Liebster Award!

Thank you to TwoMommasInTheWorks for the nomination! Pops and Oli, you have been a pleasure to follow! This is my first nomination, and it sure feels good.

So here is how it works:

1. Link back to the blogger who gave you the award.

2. Answer the questions designated by the blogger who nominated you.

3. List 11 random facts about yourself.

4. Nominate 3-5 other bloggers with less than 200 followers.

5. Make up a set of questions for the nominated bloggers to answer.

The Questions:

1. What state do you live in?

I live in Ontario, Canada.

2. If you weren’t pregnant or in the TTC process, what would be number one on your bucket list?

I don’t really have a bucket list. I kind of treat it as a “To Do List”. If I wasn’t trying to be host to a parasite, I would have enjoyed spending my summer either: chasing turtles in the blue ocean around Maui, walking the public markets in Thailand, or getting diarrhea in China.

3. Is your family supportive of your plan into parenthood?

My mother and sister know, but father doesn’t yet. My wife’s immediate family all know. Everyone has been very supportive so far.

4. What are three things that make you want to follow someone else’s’ blog?

Humour, relevance, and regular posts.

5. How many kids do you ideally want and what genders? Twins?

Oh gosh, I want a whole litter. Other than my parents only having two, everyone else in my extended family all had 4 kids. My grandparents on both sides had 5 and 6. It feels a bit lonely right now because I live so far away from my family, and I’m so used to having tons of cousins around.

Gender is not important to me. Children of both genders have annoyed me. lol.

Twins would be awesome (but my nipples would hurt like hell).

6. Are you planning ahead to have the same donor for other kids or one step at a time?

It was slim pickin’s for us when we were buying sperm. And I approached the situation much like one does when organic chicken broth goes on sale at Costco- I bought it alll…… But really, all meant that we ended up buying 4 viles of Cherokee (our nickname for one donor), and 2 viles of Braun (the nickname for our other donor). So far, we’ve used up 3 Cherokee and 1 Braun for IUI’s and 1 Cherokee for the IVF. 1 vile of Braun remains. If we don’t two babies out of our last two potential FETs, then we will probably use up the last Braun. Sorry for making this into a math problem.

7. Does your partner read your blog?

Yes, she does. But since she doesn’t have WordPress on her iPhone, she just kind of checks it out whenever. Sometimes this means that she misses many posts in a row, and then finally finds out that I wrote a post about her masturbating me. lol. Ooopps!

10. What made you fall in love with your partner?

It was love at first sight… in a nasty musky hockey change room. She was running her mouth about something that I wasn’t listening to because I was staring at her abs…. and biceps…. and deltoids

Not only that, she has a sharp wit, is extremely handy (I’m a bit of a princess at times), and super thoughtful.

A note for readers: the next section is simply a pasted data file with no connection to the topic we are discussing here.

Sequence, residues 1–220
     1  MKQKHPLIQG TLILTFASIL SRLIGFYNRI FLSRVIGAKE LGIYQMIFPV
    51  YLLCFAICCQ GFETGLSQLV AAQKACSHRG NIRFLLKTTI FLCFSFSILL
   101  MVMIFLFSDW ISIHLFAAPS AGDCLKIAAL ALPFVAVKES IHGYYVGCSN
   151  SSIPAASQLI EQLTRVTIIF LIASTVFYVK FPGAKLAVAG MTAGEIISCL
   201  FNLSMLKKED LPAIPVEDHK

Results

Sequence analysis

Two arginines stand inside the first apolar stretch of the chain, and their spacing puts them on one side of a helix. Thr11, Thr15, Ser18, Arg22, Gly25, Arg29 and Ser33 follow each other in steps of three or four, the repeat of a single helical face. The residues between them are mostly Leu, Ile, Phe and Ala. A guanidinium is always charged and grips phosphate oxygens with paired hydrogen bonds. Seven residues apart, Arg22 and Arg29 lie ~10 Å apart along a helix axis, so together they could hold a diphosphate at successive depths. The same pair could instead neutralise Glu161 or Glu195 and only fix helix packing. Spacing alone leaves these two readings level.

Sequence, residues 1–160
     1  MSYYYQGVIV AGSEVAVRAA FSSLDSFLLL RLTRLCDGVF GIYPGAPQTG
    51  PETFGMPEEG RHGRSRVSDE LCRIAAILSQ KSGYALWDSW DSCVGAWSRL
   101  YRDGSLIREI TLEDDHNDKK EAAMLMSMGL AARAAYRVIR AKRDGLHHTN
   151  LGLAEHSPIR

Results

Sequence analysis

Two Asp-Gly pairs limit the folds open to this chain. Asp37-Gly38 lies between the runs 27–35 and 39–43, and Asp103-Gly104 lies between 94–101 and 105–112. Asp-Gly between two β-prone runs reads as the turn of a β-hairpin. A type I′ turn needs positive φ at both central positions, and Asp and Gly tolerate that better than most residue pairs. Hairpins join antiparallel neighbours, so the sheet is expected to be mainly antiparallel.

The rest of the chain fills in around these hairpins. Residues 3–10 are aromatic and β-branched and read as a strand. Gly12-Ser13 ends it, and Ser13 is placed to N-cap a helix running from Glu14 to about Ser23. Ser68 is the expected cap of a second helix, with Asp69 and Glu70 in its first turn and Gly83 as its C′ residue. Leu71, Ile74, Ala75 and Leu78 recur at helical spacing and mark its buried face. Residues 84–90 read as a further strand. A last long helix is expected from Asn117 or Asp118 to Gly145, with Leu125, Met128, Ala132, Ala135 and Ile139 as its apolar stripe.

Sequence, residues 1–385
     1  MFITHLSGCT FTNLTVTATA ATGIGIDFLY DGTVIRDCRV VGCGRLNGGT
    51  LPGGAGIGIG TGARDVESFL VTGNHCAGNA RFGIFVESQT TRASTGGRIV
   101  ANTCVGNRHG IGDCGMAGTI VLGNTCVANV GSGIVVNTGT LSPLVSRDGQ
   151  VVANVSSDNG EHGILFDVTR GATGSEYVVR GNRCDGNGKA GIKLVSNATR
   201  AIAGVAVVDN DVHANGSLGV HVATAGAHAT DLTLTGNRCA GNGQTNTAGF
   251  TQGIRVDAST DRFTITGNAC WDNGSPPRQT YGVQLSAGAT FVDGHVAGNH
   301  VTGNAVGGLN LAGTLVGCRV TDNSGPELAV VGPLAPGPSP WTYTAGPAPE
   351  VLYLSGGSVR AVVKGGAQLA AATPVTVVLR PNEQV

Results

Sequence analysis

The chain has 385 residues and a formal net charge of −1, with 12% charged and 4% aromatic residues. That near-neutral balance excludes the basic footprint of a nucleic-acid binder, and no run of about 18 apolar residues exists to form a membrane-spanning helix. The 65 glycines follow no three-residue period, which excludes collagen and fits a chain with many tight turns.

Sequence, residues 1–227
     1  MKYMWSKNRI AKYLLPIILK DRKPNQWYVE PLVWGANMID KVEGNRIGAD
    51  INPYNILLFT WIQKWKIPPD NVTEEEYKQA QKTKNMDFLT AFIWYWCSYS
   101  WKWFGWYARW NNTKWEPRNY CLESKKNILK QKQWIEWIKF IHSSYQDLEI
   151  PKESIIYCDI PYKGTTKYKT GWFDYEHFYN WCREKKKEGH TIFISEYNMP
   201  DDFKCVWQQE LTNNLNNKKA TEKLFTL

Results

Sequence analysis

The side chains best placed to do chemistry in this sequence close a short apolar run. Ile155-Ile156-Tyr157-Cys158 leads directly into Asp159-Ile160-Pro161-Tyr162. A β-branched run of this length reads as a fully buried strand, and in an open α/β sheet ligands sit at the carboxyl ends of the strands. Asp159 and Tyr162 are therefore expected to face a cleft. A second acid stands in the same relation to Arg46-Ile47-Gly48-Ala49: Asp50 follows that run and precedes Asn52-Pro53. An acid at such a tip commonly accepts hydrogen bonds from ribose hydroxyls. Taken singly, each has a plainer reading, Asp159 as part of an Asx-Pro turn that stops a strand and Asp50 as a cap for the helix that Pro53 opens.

11. What do you typically do Sunday mornings?

Sleep in, sip an americano in bed (care of my lovely wife), make a kick-ass brunch, and go on a romantic hike with my wife and our dogs.

 

Random Facts:

1. Our little dog, Clementine (chihuahua-pug mix) aggressively humps a microfleece blanket at least 7 times after every meal. Right in our front bay window. For everyone to see. Especially the preschool group that walks daily along the sidewalk in front of our house.

2. Our big dog, Juno (husky-lab-retriever mix) has killed over 40 animals, ranging from birds, to medium sized mammals, to baby deer. She is extremely protective, and unstoppable.

3. My wife is more Chinese than I am (not literally). She is 4 inches shorter than me, has pin straight black hair (mine is wavy/curly), is proficient using chopsticks with both hands, and has actually been to China. She tops this off by sporting a rice-picker hat every year at Pride.

4. My wife used to be a competitive powerlifter.

5. We both used to play varsity field hockey for our undergraduate universities.

6. We have 6 university degrees between the two of us, and just finished paying off the student loans that they incurred in 2012.

7. I grew up playing in a family band (like the Partridge Family). We performed on a cruise ship once.

8. DW was part of the Young Astronauts Club, and witnessed the Challenger tragedy in grade 3 (1986). She remembers pointing at the TV screen, yelling “They’re all DEAD! They’re all DEAD!!!”, and was subsequently ushered out of the room by the teacher.

9. I have abnormally long limbs. I stand at 5’7”, but my wingspan measures 5’11 (they’re supposed to be the same). In medical school clinicians used me as an example of “Marfan Syndrome”. I don’t actually have Marfan Syndrome. Marfan Syndrome is actually really sad.

10. I’m really bad at foreplay. I kind of like to just get it on. DW has to remind me of these four five syllables: “fore-play-cuddle-after”. It’s so bad that it’s kind of a joke now.

11. I have dreadlocks. They are self-maintaining, clean, and beautiful. They also smell amazing- like scalp and Aveda.

photoS46X1333

(The little dog demonstrating the proper “cuddle after” technique)

 

Nominations:

1. The Gayby Project http://lyonsferocious.wordpress.com/